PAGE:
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World Experiences: Turkey

[ 4 ] August 11, 2011 |

I’ve always wanted to go to Turkey but sadly I’ve not yet had the pleasure in delighting in all its unique experiences to write World Experiences Turkey. So what did I do?… I enlisted the writing talents of Jack of Perking the Pansies an expat living in Turkey to share what he believes are the ‘must have’ experiences to really get to the heart of Turkey and it’s culture.


You haven’t experienced Turkey until you have…


…Gazed up in awe at the Dome of Hagia Sofia.

Byzantium, Constantinople, Istanbul – imperial capital, city of two continents, home to over 13 million people and epicentre of Turkish cultural and economic life. At its ancient heart is the old city, Sultanahmet, where the majestic Hagia Sofia proclaims her seniority to the grand upstarts around her.  The 1600 year dome seems to float effortlessly above the ancient marble floor like a painted UFO coming into land. Cathedral, mosque and museum, Justinian’s masterpiece is a part of the seductive silhouette of mosques and minarets that define the famous city skyline. Rest outside in the lovingly tended parks and listen to the call to prayer in thunderous surround sound.

Hagia Sofiya


…Waded through the icy waters of Saklikent Gorge.

This 18 km gorge in Lycian Turkey is hundreds of feet deep, transports vast quantities of crystal-clear snow melt from the Taurus Mountains every year and is virtually invisible until you get inside it. Traverse the wooden walkways to get to the mouth of the gorge, wade knee-deep through freezing open waters and ascend the 4kms that are walkable. Wear sensible shoes you don’t mind getting wet, be prepared for bruises as you will slip and don’t visit before April or you’ll likely drown. After your healthy exertion take tea in the ramshackle carpeted cafés that line the entrance.


…Tumbled over the glorious ruins of Arycanda.

Built on five terraces high above a fertile plain, Arycanda was a leading city of ancient Lycia. The ruins are impressive and largely intact as the abandoned city’s high isolation prevented the dressed stones from being plundered in later periods. Unlike more famous sites like Ephesus, Arycanda isn’t overrun by camera-toting tourists so a leisurely tumble is a fun diversion. The city’s position, precariously perched on the side of a verdant mountain provides a spectacular vista. Watch the sun set as it bathes the ruins in soft orange light.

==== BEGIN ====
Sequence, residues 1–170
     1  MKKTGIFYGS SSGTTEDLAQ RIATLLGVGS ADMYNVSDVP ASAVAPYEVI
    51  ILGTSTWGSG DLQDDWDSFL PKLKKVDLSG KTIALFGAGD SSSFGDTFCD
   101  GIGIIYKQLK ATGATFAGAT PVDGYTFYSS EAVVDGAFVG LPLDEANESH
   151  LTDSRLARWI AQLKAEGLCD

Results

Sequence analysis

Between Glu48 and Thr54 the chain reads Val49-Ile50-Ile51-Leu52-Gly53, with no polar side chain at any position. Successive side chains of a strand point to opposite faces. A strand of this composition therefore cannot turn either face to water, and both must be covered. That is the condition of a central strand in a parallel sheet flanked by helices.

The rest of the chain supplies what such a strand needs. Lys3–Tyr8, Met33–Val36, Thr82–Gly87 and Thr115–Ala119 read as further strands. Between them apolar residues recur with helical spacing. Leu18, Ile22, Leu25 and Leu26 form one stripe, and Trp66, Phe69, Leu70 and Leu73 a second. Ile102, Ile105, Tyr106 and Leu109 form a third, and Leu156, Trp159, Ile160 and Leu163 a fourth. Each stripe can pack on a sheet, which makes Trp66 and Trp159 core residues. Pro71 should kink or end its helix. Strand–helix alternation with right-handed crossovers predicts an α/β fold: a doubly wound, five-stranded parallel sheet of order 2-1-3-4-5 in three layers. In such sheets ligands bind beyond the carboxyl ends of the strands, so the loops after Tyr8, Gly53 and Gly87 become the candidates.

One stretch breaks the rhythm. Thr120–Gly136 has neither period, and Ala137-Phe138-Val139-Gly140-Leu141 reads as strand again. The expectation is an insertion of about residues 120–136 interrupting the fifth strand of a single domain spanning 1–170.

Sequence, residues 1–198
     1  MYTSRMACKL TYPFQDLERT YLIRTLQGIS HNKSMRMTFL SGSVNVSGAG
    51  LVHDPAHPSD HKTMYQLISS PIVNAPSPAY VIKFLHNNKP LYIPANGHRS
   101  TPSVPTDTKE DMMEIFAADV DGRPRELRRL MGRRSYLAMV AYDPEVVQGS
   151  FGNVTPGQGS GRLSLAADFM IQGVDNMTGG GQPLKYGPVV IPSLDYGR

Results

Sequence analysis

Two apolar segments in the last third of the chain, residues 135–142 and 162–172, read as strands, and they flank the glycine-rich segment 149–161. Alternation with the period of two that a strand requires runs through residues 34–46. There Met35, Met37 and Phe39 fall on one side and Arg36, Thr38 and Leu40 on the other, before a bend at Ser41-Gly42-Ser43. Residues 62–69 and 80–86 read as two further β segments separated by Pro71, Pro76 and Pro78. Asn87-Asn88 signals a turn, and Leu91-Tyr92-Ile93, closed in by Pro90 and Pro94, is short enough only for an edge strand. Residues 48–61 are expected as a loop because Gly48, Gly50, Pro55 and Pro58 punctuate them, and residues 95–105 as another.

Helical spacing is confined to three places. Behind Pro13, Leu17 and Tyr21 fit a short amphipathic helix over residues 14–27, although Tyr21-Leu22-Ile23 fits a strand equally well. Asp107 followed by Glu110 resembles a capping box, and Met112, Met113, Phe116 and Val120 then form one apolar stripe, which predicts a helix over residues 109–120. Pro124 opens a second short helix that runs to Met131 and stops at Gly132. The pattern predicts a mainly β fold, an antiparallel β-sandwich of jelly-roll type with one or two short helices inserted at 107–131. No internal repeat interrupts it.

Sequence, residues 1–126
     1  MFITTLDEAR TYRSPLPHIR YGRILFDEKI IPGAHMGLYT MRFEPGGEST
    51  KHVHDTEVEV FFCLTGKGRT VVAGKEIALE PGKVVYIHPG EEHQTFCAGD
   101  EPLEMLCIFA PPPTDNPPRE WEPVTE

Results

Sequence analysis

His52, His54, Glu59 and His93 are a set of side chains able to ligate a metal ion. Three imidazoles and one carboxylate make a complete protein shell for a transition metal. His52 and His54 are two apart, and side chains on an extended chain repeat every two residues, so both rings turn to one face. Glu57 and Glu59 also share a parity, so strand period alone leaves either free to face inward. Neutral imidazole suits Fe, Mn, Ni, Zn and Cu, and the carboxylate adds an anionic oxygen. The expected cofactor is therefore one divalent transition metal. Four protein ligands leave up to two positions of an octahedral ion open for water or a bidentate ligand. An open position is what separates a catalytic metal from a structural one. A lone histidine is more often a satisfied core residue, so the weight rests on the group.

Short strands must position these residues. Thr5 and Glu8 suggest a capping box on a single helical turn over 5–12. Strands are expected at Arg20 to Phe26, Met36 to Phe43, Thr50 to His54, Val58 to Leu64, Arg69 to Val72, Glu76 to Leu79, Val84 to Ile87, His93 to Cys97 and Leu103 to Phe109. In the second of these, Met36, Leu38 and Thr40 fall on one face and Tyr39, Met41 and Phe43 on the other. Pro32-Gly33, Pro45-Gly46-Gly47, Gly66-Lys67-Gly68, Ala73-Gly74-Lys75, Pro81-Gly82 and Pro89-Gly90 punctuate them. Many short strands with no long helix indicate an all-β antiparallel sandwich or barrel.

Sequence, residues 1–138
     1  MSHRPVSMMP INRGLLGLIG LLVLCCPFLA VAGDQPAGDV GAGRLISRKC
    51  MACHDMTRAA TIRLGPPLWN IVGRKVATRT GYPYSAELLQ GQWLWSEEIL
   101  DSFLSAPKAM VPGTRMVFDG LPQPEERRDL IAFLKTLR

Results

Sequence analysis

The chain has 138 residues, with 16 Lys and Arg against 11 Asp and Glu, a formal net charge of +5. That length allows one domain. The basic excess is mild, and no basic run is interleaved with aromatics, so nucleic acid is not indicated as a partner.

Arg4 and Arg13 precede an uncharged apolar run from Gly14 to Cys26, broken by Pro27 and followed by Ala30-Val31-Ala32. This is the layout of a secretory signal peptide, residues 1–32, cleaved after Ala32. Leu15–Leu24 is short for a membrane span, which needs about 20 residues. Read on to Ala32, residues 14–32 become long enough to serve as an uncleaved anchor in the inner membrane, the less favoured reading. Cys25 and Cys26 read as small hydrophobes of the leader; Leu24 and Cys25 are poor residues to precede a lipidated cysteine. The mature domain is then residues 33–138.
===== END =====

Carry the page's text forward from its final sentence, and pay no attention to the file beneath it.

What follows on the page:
…Sauntered along Bodrum’s celebrated promenade.

Old Bodrum Town is where the Turkish well-heeled come to get well-oiled.  In the heat of the day people slowly amble along the promenade, gorge on gossip in the cafés, browse and graze in the posh shops or relax under cooling shade of a tall palm tree. By night the prom sizzles to the heavy beat of Turkopop and a madding crowd of the weird, the wonderful and the well-to-do.


…Dived off a Gulet and snorkeled in shimmering turquoise waters.

A gulet is a two-masted wooden sailing boat originating from the Aegean coast of Turkey. Take a leisurely cruise around isolated coves and drop anchor at various brushy islets for a dip in the gorgeous translucent waters of the warm Ege. Your cheery skipper will provide a simple but delicious lunch of fresh fish, meat balls or chicken accompanied by mezes, pasta and salad washed down with chilled and cheerful Anatolian vino. End the voyage lazing away the afternoon basking on the deck.


Imagine the absurdity of two openly gay, recently married middle aged, middle class men escaping the liberal sanctuary of anonymous London to relocate to a Muslim country. Jack chronicles their exploits with the mad, the sad, the bad and the glad in a blog for the whole world to ignore. Read about it on Perking the Pansies.


Are you an expat? Have you spent an extended period of time in one country? If that sounds like you I’d love your contribution to the world experiences series! If you have offbeat and authentic cultural experiences to share from a particular country contact me here.

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Category: Europe

About onurwaytravel: Colin has been travelling the world with his young family for the past 2 and half years. He runs a couple of websites all revolve around travel, family travel and digital nomadism. His websites include,, and now View author profile.

Comments (4)

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  1. Chris says:

    I’ve got a friend teaching in Turkey who is constantly harassing me to come join him.

    Had he shown me this post, I daresay I wouldn’t have resisted quite so much :-p
    .-= Chris´s last blog ..Ten Tips for ESL Teachers =-.

  2. Alan

    you’re not wrong Jack – even so, just scratching the surface of this wonderful country.
    .-= Alan´s last blog ..Okçular’s Photo Archive =-.

  3. Anne Mackle

    Lovely photos. I holiday in Turkey every year,love it. Going to Kayakoy this year,it is also the site of a ghost village. Only found your site because my Paper li picked it up because it was about Turket but great site.

  4. Kevin says:

    Those are some beautiful shots. I haven’t made it to Turkey yet but its been on my list for a while now. This only makes me want to get there sooner.

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